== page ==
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While the majority of the American population eats beef on a regular basis, lamb is definitely one of the lesser-consumed red meats.
But with the superior omega-3 fat content and (albeit subjective) better taste of lamb, it seems like many of us are missing out.
Despite the high consumption of lamb in other countries, like Australia, New Zealand, China, and many Mediterranean regions, the average person in the United States eats only three-quarters of a pound of lamb or less per year.
If you’re looking to broaden your culinary and nutritional horizons, consider choosing lamb chops over steaks at your next meal.
As lamb is not a popular red meat choice in the United States, let’s quickly dive into the basics.
While beef is typically consumed from a cow aged two to five years, lamb is the meat of young sheep under 12 months.
Conversely, mutton is the term used to describe the meat of adult sheep over age three.
For those in-between years when the sheep is 12-36 months old, the meat is an even lesser-known type of red meat called “hogget” or “yearling mutton”.
Lamb is almost always grass-fed—especially when coming from countries like Australia and New Zealand—but some American lamb is grain-finished, which means the animal is fed grain products towards the end of its life to create fattier meat.
As both lamb and beef are types of red meat, they have relatively similar nutritional profiles.
|Lamb (3.5-oz serving of ground lamb)||Beef (3.5-oz serving of 85:15 ground beef)|
|Total Fat||19.7 grams (g)||15.3 g|
|Saturated fat||8.1 g||5.8 g|
|Monounsaturated fat||8.3 g||6.6 g|
|Polyunsaturated fat||1.4 g||0.5 g|
|Protein||25 g||27.7 g|
|Niacin||34% of the Daily Value (DV)*||27% of the DV|
|Zinc||31% of the DV||42% of the DV|
|Selenium||40% of the DV||31% of the DV|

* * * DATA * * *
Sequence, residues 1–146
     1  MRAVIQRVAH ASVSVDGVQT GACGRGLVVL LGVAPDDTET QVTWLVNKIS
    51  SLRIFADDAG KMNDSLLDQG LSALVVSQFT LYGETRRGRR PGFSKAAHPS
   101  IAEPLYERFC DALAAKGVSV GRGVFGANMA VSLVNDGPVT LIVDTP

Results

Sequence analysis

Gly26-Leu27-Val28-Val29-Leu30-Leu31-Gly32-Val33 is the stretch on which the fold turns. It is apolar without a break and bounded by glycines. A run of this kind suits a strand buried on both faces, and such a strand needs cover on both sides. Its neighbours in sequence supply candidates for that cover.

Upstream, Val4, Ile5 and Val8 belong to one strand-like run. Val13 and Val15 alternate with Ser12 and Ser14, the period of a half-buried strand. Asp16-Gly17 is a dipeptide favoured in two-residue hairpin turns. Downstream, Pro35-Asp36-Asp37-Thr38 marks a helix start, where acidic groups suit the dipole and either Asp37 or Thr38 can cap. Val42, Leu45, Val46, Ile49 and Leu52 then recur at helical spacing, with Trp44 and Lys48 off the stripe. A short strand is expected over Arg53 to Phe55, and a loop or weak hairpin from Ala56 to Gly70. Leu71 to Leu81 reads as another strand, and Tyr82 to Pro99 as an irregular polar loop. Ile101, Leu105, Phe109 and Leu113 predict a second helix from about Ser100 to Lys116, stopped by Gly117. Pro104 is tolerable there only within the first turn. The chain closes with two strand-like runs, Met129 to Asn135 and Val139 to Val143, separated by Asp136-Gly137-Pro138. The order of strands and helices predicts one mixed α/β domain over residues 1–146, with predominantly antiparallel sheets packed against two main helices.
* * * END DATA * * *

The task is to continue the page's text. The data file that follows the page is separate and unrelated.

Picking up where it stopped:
|Iron||11-23% of the DV||11-26% of the DV|
|Vitamin B12||43% of the DV||44% of the DV|
*Daily Value percentages may differ between men and women
It’s important to note that there are dozens of combinations of cuts and fat percentages for both lamb and beef, so these nutritional values can vary widely due to these differences.
These values can also vary depending on whether the animal was grass-fed or grain-fed, as grass-fed beef and lamb will have healthier fat composition, more micronutrients, and antioxidants.
Overall, lamb has slightly more calories and fat compared to beef, with similar quantities of protein, vitamins, and minerals—although lamb contains more selenium and beef boasts more zinc.
Both lamb and beef are similar in that they are a good source of iron, specifically heme iron—the more bioavailable type than the iron found in plants.
However, despite the slight increase in calories and fat, grass-fed lamb has more heart-healthy omega-3 fats than both grain-fed and grass-fed beef.
Despite being slightly lower in protein than beef, lamb is richer in all of the essential amino acids—especially tryptophan, by about three times more than beef.
Plus, both lamb and beef contain the healthy fat conjugated linoleic acid (CLA), which has been linked to weight loss and cardiovascular, metabolic, and cognitive health.